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Asceticism and Anthropology in Irenaeus and Clement$
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John Behr

Print publication date: 2000

Print ISBN-13: 9780198270003

Published to Oxford Scholarship Online: October 2011

DOI: 10.1093/acprof:oso/9780198270003.001.0001

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Conclusion

Conclusion

Chapter:
(p.208) (p.209) Conclusion
Source:
Asceticism and Anthropology in Irenaeus and Clement
Author(s):

John Behr

Publisher:
Oxford University Press
DOI:10.1093/acprof:oso/9780198270003.003.0008

The book defines two different theologies regarding the existence and nature of man. For Irenaeus, asceticism is man living life in the image of God. For Clement, man is in control of how he becomes godlike. Unique features of Irenaeus's theology include: the link between theology and anthropology, how the body is fashioned in the image of God, and man's dependence on God to attain true freedom. Clement, on the other hand, asserts that it is not the body but the intellect that is made in God's image, and man has free will to decide and live. Clement also analyzes the nature of perfection in newly baptized Christians. Clement explains his theology of asceticism in terms of ‘synergy’, emphasizing Christians obeying God's commandments and how their actions become righteous. Irenaeus gives focus on the economy of Scripture while Clement emphasizes how paideia results in man's salvation.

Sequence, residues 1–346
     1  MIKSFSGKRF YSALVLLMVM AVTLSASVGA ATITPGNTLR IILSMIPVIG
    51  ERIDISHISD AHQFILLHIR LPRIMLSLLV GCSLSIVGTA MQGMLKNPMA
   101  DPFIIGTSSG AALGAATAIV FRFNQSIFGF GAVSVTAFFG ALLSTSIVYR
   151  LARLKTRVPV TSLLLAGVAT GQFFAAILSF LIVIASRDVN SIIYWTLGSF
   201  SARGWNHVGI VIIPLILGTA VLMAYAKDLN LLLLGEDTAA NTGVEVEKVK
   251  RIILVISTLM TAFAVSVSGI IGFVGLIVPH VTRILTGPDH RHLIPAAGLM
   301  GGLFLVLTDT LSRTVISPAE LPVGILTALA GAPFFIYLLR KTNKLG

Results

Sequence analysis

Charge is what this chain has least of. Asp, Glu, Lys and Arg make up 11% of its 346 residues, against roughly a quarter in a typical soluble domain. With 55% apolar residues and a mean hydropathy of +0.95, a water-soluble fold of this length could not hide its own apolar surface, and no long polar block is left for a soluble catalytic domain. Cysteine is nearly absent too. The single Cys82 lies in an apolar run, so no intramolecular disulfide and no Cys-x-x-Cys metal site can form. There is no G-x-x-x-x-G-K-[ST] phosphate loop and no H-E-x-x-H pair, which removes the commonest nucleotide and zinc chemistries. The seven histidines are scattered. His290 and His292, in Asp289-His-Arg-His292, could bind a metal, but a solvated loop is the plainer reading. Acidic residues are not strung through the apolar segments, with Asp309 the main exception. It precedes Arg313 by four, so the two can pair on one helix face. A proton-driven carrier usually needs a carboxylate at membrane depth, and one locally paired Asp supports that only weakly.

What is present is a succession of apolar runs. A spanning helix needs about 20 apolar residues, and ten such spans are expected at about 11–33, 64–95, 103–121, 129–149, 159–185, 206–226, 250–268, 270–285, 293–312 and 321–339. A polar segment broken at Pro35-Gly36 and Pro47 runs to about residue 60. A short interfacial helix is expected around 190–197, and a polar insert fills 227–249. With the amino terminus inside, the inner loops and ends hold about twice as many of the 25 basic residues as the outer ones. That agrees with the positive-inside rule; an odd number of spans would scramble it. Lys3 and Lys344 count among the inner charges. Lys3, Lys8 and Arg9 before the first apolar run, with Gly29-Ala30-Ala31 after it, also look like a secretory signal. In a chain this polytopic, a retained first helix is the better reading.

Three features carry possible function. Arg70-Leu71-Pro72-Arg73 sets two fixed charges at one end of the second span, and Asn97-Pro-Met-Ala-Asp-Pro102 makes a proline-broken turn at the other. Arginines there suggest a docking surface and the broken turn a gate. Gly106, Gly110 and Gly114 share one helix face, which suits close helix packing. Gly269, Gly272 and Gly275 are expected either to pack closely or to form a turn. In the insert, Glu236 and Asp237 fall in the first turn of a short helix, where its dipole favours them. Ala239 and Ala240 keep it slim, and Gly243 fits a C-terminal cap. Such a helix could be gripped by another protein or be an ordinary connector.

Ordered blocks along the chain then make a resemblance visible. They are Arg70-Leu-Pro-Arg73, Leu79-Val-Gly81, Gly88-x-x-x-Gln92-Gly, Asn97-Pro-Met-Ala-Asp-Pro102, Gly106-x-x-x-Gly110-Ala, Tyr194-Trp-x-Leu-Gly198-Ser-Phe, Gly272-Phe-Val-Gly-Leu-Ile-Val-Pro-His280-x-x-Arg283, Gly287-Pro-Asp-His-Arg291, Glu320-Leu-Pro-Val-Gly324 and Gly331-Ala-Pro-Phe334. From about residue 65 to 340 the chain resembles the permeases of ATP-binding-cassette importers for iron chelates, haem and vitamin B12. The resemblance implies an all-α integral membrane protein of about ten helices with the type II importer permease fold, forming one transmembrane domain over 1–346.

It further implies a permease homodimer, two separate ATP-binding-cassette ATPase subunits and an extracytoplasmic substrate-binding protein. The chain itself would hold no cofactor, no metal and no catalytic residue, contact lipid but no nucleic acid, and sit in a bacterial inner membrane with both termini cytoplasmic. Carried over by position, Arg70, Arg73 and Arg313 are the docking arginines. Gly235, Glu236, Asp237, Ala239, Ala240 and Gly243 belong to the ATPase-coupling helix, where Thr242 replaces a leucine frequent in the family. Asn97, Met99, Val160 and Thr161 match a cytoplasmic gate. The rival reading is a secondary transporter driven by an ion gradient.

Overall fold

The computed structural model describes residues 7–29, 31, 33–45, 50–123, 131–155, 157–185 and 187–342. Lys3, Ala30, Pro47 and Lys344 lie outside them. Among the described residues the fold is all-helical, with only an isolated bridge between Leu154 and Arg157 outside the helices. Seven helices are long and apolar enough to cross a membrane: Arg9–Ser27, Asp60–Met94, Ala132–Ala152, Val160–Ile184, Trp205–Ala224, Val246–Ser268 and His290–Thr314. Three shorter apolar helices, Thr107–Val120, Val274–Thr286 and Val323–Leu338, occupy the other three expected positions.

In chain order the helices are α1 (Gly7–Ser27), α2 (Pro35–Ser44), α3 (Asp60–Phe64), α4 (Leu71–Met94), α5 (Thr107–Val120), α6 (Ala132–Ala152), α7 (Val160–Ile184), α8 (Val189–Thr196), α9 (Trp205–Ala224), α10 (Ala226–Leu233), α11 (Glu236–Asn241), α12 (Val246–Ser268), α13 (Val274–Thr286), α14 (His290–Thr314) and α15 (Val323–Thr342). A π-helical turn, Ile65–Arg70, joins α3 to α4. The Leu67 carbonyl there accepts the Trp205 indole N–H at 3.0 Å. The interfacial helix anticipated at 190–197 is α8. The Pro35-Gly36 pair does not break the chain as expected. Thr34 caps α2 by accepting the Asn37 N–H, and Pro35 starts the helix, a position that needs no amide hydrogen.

Keywords:   asceticism, theology, Irenaeus, Clement, apatheia, economy, freedom, salvation, paideia, perfection

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